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Toshiaki Ueno, Brandon R. Macias, William T. Yost and Alan R. Hargens

✓ Elevated intracranial pressure (ICP) is a major factor associated with incidences of morbidity and mortality in patients with neurological disorders. The use of conventional methods for ICP monitoring is currently limited to patients with severe neurological conditions because of the methods' invasive nature. The authors have developed an ultrasonic device capable of monitoring ICP waveforms noninvasively by using a pulsed phase lock loop (PPLL) technique. The PPLL device records skull movement (several meters) associated with ICP pulsations. The purpose of this study was to correlate PPLL waveforms with invasively measured ICP waveforms in patients at the University of California San Diego Medical Center (13 patients).

A linear regression analysis revealed a high correlation between PPLL waveforms and invasively measured ICP waveforms during the same time domain (r2 = 0.88). A coherence function analysis, which provides the fractional portion of the mean square value at the output that is contributed by the input at a certain frequency, showed medium to high correlations (r2 = 0.50–0.90) between PPLL waveforms and invasively measured ICP waveforms at each harmonic wave components. Furthermore, there was a significant correlation (r2 = 0.680, p < 0.01) in the harmonic distortion ratio (an index representing how much a given waveform is distorted from a pure sine wave) between PPLL waveforms and invasively measured ICP waveforms. In conclusion, PPLL technology enables the noninvasive evaluation of ICP dynamics in clinical settings.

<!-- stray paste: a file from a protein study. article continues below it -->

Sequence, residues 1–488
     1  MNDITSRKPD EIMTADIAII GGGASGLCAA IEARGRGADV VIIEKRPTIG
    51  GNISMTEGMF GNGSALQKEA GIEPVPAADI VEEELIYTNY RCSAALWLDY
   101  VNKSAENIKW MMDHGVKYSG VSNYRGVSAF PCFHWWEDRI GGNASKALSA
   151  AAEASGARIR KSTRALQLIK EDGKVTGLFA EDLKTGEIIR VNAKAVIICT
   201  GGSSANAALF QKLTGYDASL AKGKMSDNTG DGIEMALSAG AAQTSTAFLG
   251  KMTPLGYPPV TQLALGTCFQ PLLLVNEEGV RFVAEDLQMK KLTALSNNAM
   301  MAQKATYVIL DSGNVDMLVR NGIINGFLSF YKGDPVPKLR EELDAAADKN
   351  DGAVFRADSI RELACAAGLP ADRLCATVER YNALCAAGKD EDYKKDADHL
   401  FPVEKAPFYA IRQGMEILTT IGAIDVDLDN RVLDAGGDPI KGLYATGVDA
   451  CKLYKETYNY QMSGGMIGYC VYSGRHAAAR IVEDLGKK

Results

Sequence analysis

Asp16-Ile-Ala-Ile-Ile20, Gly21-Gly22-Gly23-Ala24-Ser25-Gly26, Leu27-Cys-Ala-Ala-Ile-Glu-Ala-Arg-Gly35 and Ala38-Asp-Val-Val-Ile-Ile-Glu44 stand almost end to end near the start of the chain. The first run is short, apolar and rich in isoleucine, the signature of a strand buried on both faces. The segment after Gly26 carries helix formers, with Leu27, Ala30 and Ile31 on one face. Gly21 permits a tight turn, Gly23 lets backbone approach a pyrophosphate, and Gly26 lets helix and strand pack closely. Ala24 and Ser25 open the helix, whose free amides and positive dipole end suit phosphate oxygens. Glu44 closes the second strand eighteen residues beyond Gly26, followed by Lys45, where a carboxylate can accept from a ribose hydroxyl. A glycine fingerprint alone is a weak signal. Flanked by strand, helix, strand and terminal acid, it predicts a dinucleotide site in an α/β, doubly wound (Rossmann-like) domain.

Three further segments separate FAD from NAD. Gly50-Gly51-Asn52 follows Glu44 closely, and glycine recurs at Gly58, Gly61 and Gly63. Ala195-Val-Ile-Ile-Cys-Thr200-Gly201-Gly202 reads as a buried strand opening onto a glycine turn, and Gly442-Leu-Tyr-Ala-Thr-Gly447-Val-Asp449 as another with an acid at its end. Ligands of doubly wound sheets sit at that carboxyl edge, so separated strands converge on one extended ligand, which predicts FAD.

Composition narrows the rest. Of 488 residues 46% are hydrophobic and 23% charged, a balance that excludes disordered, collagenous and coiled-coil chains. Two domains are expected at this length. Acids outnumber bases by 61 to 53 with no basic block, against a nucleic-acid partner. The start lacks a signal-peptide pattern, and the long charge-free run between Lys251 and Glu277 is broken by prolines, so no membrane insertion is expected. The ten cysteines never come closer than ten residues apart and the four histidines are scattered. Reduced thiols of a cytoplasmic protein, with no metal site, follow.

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Narihide Shinoda, Osamu Hirai, Shinya Hori, Kazuyuki Mikami, Toshiaki Bando, Daisuke Shimo, Takahiro Kuroyama, Yoji Kuramoto, Masato Matsumoto and Yasushi Ueno


The presence of disproportionately enlarged subarachnoid space hydrocephalus (DESH) on brain imaging is a recognized finding of idiopathic normal pressure hydrocephalus (iNPH), but the features of DESH can vary across patients. The aim of this study was to evaluate the utility of MRI-based DESH scoring for predicting prognosis after surgery.